As the housing market shifts and you’re trying to sell, there’s some planning and preparation ahead of showings for well-qualified buyers.
The days of one open house and then escrow are behind us, for now. So, rather than spend the first few days on the market reviewing the deluge of offers, you now get to work on tidying up, turning on strategic lights and keeping all the counters and other surfaces clean. And you’ll need to sustain this pattern for days, if not weeks until an offer materializes.
If everyone in your household leaves in the morning, and the house is empty all day, you need the house “show ready” in case an agent calls to make an appointment.
This means hanging up all the bath towels (or replacing the towels used that morning with fresh, fluffy ones), making the beds, putting the lids down on the toilets, taking out the trash, clearing the sink of the breakfast dishes, and turning on enough of the interior lights to make it look as bright as possible.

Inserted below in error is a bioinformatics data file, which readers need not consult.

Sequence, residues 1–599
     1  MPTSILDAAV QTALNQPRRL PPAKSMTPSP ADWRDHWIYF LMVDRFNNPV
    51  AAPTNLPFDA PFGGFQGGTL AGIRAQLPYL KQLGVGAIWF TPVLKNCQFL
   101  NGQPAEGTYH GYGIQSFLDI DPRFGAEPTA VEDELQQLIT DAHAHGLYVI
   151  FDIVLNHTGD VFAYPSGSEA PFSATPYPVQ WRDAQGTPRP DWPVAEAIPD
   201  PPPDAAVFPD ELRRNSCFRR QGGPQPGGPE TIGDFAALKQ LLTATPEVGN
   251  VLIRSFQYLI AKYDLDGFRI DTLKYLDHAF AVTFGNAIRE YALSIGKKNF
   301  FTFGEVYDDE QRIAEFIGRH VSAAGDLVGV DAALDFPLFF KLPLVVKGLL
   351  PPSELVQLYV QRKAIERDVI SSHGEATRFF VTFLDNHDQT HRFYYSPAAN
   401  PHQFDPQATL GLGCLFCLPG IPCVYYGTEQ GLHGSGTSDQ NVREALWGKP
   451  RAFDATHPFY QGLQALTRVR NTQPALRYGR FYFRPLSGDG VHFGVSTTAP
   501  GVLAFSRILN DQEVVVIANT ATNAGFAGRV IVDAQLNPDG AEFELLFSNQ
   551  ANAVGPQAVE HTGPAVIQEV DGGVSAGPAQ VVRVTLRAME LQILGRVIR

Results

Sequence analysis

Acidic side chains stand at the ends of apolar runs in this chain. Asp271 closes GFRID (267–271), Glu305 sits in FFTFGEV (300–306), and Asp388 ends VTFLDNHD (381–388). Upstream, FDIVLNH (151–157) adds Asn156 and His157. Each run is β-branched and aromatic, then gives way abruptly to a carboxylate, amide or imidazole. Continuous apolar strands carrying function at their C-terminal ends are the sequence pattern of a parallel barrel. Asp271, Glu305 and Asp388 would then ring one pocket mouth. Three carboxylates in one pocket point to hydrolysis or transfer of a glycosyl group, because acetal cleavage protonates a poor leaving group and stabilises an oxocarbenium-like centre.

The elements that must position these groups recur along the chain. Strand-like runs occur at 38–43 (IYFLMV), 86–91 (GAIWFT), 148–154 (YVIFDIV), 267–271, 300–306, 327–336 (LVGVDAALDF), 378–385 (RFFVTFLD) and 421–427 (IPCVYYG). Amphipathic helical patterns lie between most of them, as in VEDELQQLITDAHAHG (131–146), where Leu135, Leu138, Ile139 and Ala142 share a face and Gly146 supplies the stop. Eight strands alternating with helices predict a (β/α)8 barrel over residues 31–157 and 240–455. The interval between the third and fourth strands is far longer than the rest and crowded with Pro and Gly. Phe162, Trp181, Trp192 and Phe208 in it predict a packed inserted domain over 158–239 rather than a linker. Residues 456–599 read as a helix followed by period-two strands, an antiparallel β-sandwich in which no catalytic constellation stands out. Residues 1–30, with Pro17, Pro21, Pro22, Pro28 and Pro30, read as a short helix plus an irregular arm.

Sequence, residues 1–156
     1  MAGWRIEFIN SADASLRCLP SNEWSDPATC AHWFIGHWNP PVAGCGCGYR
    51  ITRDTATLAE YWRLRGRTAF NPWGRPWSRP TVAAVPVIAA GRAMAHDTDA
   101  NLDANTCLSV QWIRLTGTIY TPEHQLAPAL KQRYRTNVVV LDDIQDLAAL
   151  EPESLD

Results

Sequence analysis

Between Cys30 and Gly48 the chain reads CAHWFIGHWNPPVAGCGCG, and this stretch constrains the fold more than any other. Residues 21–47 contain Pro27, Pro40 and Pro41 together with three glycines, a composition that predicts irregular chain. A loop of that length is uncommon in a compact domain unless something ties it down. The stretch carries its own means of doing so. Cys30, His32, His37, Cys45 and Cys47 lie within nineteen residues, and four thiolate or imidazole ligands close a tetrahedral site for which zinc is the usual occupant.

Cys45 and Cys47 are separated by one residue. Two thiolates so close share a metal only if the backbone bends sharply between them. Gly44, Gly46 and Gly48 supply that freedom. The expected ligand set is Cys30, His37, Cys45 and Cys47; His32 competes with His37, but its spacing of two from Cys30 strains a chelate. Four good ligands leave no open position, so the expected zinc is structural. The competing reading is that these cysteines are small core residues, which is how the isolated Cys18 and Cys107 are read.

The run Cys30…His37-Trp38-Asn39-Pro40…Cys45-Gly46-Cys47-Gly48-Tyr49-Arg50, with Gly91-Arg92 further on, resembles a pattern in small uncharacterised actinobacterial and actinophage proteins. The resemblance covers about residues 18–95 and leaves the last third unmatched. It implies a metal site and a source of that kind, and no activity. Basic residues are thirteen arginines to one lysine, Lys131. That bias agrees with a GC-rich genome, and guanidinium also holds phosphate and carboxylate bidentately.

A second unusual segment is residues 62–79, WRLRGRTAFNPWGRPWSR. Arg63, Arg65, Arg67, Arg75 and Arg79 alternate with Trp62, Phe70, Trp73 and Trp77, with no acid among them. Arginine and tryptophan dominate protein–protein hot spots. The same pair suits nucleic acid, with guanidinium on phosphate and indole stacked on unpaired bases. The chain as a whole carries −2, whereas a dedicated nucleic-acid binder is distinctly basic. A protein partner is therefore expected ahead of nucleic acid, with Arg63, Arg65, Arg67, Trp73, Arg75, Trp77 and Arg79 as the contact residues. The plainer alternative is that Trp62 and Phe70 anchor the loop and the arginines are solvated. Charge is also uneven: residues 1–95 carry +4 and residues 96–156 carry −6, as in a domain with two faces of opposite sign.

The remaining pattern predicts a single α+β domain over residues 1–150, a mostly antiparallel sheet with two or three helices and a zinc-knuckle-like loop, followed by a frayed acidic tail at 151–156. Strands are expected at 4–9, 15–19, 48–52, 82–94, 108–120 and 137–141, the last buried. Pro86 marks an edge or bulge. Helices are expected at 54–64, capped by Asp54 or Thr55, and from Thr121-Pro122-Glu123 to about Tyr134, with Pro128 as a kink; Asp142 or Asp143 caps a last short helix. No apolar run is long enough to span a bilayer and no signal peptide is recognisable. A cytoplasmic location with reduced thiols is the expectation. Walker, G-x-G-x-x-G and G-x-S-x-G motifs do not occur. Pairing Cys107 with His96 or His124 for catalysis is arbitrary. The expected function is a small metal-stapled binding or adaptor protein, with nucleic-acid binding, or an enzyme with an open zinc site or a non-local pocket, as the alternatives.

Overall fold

Yes, all of this likely means waking earlier than usual to build in enough time to get all the prep work done and not be late for work.
For those working from home, you’ll need an exit strategy for when buyers come to call during the workday.
Can you take your laptop to the park across the street? Or shift your workstation to a local coffee shop with free WiFi? And what about the kiddos? Are they on Zoom from home? Can you take them to the coffee shop with you? Do you have a plan for everyone at home that includes where they will go during a showing appointment? (That means the pets, too.)
You can even turn the showing into a bit of a game.
See if you can find any clues (other than the business card on the kitchen counter) that the agent and her buyers were there. Is there an unfamiliar water bottle in your recycle bin that wasn’t there when you left? Are there lights turned on that you left off and or maybe vice versa?
Is the toilet seat up when you distinctly remember leaving it down? Is there a bedroom door closed that was left open? And the most frustrating of all, is the door to the garage locked when you always leave it unlocked?
Here’s a handy tip for showings: Take an extra key with you, and make one for all family members, just in case doors that are always unlocked are now locked, requiring a key to get back inside.
Leslie Sargent Eskildsen is an agent with RealtyOne Group West and a member of the California Association of Realtors’ board of directors. She can be reached at 949-678-3373 or email@example.com
Source: Orange County Register